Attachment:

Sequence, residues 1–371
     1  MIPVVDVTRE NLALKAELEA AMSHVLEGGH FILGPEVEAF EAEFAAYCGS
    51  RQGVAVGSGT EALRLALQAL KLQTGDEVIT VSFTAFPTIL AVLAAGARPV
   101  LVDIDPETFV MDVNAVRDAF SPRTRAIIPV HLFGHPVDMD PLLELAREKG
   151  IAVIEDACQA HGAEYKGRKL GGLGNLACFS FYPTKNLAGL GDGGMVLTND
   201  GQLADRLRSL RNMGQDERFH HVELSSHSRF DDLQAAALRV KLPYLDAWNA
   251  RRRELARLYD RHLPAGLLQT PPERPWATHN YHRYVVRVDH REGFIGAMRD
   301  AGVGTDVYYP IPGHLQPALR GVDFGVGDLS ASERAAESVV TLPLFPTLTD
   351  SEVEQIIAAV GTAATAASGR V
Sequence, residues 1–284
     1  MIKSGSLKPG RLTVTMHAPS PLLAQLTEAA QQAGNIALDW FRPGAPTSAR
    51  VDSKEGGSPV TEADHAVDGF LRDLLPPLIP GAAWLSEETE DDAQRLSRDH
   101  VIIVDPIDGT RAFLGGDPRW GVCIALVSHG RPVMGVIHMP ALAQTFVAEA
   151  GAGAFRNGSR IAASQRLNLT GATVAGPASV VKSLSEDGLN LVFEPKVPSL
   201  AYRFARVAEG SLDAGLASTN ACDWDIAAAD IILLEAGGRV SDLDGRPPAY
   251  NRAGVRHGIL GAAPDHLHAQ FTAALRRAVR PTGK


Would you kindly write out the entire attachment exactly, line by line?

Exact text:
Sequence, residues 1–371
     1  MIPVVDVTRE NLALKAELEA AMSHVLEGGH FILGPEVEAF EAEFAAYCGS
    51  RQGVAVGSGT EALRLALQAL KLQTGDEVIT VSFTAFPTIL AVLAAGARPV
   101  LVDIDPETFV MDVNAVRDAF SPRTRAIIPV HLFGHPVDMD PLLELAREKG
   151  IAVIEDACQA HGAEYKGRKL GGLGNLACFS FYPTKNLAGL GDGGMVLTND
   201  GQLADRLRSL RNMGQDERFH HVELSSHSRF DDLQAAALRV KLPYLDAWNA
   251  RRRELARLYD RHLPAGLLQT PPERPWATHN YHRYVVRVDH REGFIGAMRD
   301  AGVGTDVYYP IPGHLQPALR GVDFGVGDLS ASERAAESVV TLPLFPTLTD
   351  SEVEQIIAAV GTAATAASGR V
Sequence, residues 1–284
     1  MIKSGSLKPG RLTVTMHAPS PLLAQLTEAA QQAGNIALDW FRPGAPTSAR
    51  VDSKEGGSPV TEADHAVDGF LRDLLPPLIP GAAWLSEETE DDAQRLSRDH
   101  VIIVDPIDGT RAFLGGDPRW GVCIALVSHG RPVMGVIHMP ALAQTFVAEA
   151  GAGAFRNGSR IAASQRLNLT GATVAGPASV VKSLSEDGLN LVFEPKVPSL
   201  AYRFARVAEG SLDAGLASTN ACDWDIAAAD IILLEAGGRV SDLDGRPPAY
   251  NRAGVRHGIL GAAPDHLHAQ FTAALRRAVR PTGK